Only a couple of proposed constitutional amendments make it to voters

Legislators sought to start the process to change the state constitution with several pieces of legislation this year. The proposals sought to place constitutional amendments on the 2024 general election ballot. 

Only two made it through the system: HJR 5, which would extend the property tax exemption for disabled veterans, and HJR 6, which would increase property tax exemptions for honorably discharged service members. HJR 5 extends the property tax exemption, currently only available for those veterans who are 100 percent disabled and their widows or widowers to allow those that are under 100 percent disabled and their widows or widowers to qualify for the exemption. “The amount of the exemption shall be in a percentage equal to the percentage of the veteran’s disability rating determined pursuant to federal law,” the legislation states. Similarly, HJR 6 would increase the property tax exemption for honorably discharged service members and their widows or widowers from $4,000 to $10,000 with an annual adjustment based on inflation.

Sen. Craig Brandt talks about Glory's Law during a press conference. Other speakers included, from left to right, Glory's mother Christy Sellers, UNM Head Football Coach Danny Gonzales and Lt. Gov. Howie Morales.

School supplies tax rebate bill discussed

A bill that would help offset the costs teachers pay to equip their students was discussed in its first committee Tuesday. SB 28, which will provide a tax deduction for teachers who buy school supplies for their classrooms was held pending further discussion in the Senate Tax, Business and Transportation Committee Tuesday afternoon. Senate Minority Whip Craig Brandt, R-Rio Rancho, sponsored the bill.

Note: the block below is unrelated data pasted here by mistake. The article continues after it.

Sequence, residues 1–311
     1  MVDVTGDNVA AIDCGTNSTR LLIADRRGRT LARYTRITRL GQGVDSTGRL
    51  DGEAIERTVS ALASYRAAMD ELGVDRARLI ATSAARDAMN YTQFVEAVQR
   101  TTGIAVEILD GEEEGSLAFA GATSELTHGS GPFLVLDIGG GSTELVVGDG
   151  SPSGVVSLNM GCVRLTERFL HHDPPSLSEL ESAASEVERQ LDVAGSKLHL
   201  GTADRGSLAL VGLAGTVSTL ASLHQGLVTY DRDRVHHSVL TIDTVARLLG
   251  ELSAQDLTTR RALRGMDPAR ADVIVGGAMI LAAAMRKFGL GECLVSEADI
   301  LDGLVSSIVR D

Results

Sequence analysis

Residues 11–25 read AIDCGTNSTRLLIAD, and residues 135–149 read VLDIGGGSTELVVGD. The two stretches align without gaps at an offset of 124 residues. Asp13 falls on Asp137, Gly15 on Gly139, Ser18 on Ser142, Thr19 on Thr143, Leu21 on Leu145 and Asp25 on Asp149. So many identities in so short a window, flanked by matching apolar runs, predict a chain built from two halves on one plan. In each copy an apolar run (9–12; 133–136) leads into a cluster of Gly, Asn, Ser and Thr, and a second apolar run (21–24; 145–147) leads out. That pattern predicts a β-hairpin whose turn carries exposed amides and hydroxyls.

The bill provides teachers up to $500 in tax deductions for school supply purchases in Fiscal Year 2024 and it doubles to $1,000 for Fiscal Year 2025 and onward. The standard school supplies— such as paper, pencils and protractors— are covered but the higher cost items such as electronics are not covered for the deduction. Funding for the tax deduction would come from the general fund and would cost $320,000 in FY 24 and $640,000 for FY25 onward.

Proposed Ronchetti tax plan discussed

Republican gubernatorial candidate Mark Ronchetti has proposed a tax plan that includes tax cuts that his main general election opponent says is not feasible. The proposed tax plan includes permanent tax cuts for middle and low-income workers, rebates from state income from oil and gas, economic incentives for businesses wanting to move to New Mexico and create jobs and a small business rescue plan. The proposed plan indicates that all New Mexicans would receive $100 for every $1 billion in oil and gas revenues New Mexico receives. “Right now the state of New Mexico has one of the worst tax structures in the country for small businesses and people from all over the political spectrum agree that it needs to change,” Ronchetti campaign spokesman Ryan Sabel said in response to an inquiry from NM Political Report. “The New Mexico State Government has never been richer, and [Gov.] Michelle Lujan Grisham has grown the government by 40 percent while our people are struggling to get to the end of the month.

NM collects $2.4 million in cannabis taxes for first month of sales

The New Mexico Taxation and Revenue Department announced on Friday that it has collected more than $2.4 million in cannabis excise taxes for April, which was the first month of adult-use sales in the state.